The reason is practical, and also obvious: the effects of a judgment in or a settlement of a lawsuit can ramify throughout the economy, inflicting hurt difficult to prove on countless strangers to the litigation. Remoteness of injury is a standard ground for denying a person the rights of a party to a lawsuit. It is one of the "prudential" (as distinct from constitutional) limitations on standing to sue, e.g., Blue Shield of Virginia v. McCready, 457 U.S. 465, 476-78 (1982); MainStreet Organization of Realtors v. Calumet City, 505 F.3d 742, 744-47 (7th Cir. 2007), whereas "a modest probability of injury is enough for standing" in the Article III sense. Wiesmueller v. Kosobucki, No. 08-2527, 2009 WL 1956335, at *3 (7th Cir. July 9, 2009); see North-eastern Florida Chapter of Associated General Contractors v. City of Jacksonville, 508 U.S. 656, 664-66 (1993); Pennell v. City of San Jose, 485 U.S. 1, 6-8 (1988).

Another dimension of the "interest" required for intervention as a matter of right, also borrowed from (though not necessarily identical to) the prudential as distinct from the Article III concept of standing, is that the suitor be someone whom the law on which his claim is founded was intended to protect. New York Public Interest Research Group, Inc. v. Regents of University, 516 F.2d 350, 352 (2d Cir. 1975) (per curiam); see Allen v. Wright, 468 U.S. 737, 750-51 (1984). That's not a problem in this case. Wisconsin's "Unfair Sales Act" is special-interest legislation and the special interest is that of retailers who wish, naturally enough, to limit price competition. They are the statute's direct beneficiaries, as shown by the fact that the statute authorizes them to sue to enforce it against price cutters if they can prove in-jury. Invalidation of the statute would deprive them of the benefit not only of that remedy but also of the principal remedy provided by the statute-public enforcement by a variety of means none requiring proof of injury. The state may sue for civil penalties, Wis. Stat. § 100.30(4), impose cease and desist orders the violation of which incurs a civil penalty, § 100.30(5)(a), and sue to enjoin violations without having to show that its remedy at law is inadequate. § 100.30(5)(b). None of these remedies is available to a private person.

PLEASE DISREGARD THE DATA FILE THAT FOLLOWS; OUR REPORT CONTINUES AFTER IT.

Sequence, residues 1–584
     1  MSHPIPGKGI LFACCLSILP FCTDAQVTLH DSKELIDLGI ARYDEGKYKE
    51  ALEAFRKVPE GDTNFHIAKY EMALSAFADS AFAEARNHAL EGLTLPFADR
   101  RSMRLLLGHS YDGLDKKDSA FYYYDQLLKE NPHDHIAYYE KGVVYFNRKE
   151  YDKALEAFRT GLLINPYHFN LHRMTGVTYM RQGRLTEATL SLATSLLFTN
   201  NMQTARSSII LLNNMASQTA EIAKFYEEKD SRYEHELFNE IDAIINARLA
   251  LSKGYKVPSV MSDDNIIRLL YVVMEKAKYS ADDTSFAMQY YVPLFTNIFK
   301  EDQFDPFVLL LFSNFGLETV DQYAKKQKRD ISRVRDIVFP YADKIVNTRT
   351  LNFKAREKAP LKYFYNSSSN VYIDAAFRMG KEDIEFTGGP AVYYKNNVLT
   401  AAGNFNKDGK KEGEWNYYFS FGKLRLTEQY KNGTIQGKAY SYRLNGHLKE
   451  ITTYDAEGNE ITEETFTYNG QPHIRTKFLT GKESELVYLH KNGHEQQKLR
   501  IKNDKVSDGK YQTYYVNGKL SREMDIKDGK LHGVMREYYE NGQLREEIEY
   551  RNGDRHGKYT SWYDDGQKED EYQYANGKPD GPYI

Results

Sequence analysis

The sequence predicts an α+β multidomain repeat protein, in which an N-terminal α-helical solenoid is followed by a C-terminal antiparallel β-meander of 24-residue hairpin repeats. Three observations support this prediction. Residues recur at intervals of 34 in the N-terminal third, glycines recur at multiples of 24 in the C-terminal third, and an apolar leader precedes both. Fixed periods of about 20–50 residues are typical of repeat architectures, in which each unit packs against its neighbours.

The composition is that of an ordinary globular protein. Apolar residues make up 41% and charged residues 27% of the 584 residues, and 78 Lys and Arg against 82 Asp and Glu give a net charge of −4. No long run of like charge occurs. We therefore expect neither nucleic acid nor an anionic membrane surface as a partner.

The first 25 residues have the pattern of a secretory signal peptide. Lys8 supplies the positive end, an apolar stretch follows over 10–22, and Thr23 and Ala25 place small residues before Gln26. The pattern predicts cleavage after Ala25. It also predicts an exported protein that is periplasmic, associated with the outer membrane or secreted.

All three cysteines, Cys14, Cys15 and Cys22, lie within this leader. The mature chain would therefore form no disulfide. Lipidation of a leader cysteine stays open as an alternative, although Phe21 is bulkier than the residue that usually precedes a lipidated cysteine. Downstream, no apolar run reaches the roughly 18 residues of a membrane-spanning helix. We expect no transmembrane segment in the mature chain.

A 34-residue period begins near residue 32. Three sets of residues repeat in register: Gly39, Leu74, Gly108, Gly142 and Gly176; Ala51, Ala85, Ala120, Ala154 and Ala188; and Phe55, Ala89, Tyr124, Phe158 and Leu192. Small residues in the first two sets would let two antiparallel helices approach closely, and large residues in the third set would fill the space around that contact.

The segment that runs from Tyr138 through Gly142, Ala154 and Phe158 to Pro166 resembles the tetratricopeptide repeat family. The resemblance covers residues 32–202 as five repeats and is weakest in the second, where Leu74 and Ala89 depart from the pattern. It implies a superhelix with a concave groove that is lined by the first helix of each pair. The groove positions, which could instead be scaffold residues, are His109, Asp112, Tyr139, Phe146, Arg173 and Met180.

The interest of the private persons intended to be benefited by the Unfair Sales Act in the preservation of this remedial scheme is therefore sufficient to warrant intervention under Rule 24(a)(2), provided that the retailers would be directly rather than remotely harmed by the invalidation of the statute. They would be; they would lose much or even all of their business to their larger, more efficient competitors.

Nor do we think the association's motion to intervene, even though not filed until the district judge had entered his final judgment, was untimely-assuming that all the association wants is to take an appeal (a question we discuss below, and answer in the affirmative). If it wants to present evidence, then its motion was indeed untimely.

It was content for the state attorney general to defend the statute until he decided not to appeal. Its champion, the attorney general, having lost the case, it cannot be allowed to subject the winning party to another trial. United States v. American Tel. & Tel. Co., 642 F.2d 1285, 1294-95 (D.C. Cir. 1980); Smuck v. Hobson, 408 F.2d 175, 181-82 (D.C. Cir. 1969) (en banc); see David L. Shapiro, "Some Thoughts on Intervention Before Courts, Agencies, and Arbitrators," 81 Harv. L. Rev. 721, 752-56 (1968).

Had the association sought to intervene earlier, its motion would doubtless (and properly) have been denied on the ground that the state's attorney general was defending the statute and that adding another defendant would simply complicate the litigation. For there was nothing to indicate that the attorney general was planning to throw the case-until he did so by failing to appeal. At that point the objection to intervention, as long as taking new evidence was not contemplated, evaporated.

Another requirement for intervention as a matter of right under Rule 24(a)(2)-that "the applicant is so situated that the disposition of the action may as a practical matter impair or impede the applicant's ability to protect that interest"-presents a greater obstacle to the association's intervening as a matter of right because there is nothing to prevent a member who is injured by pricing in violation of the Unfair Sales Act to sue the violator. There would be no defense of res judicata, because neither the association nor any of its members is (as yet) a party to the present suit. It is true that concern with the stare decisis effect of a decision can be a ground for intervention, New York Public Interest Research Group, Inc. v. Regents of University, supra, 516 F.2d at 352;Atlantis Development Corp. v. United States, 379 F.2d 818, 826, 828 (5th Cir. 1967), because courts are reluctant to overrule a precedent. But the decision of a district court has no authority as precedent. Matheny v. United States, 469 F.3d 1093, 1097 (7th Cir. 2006). And unless ...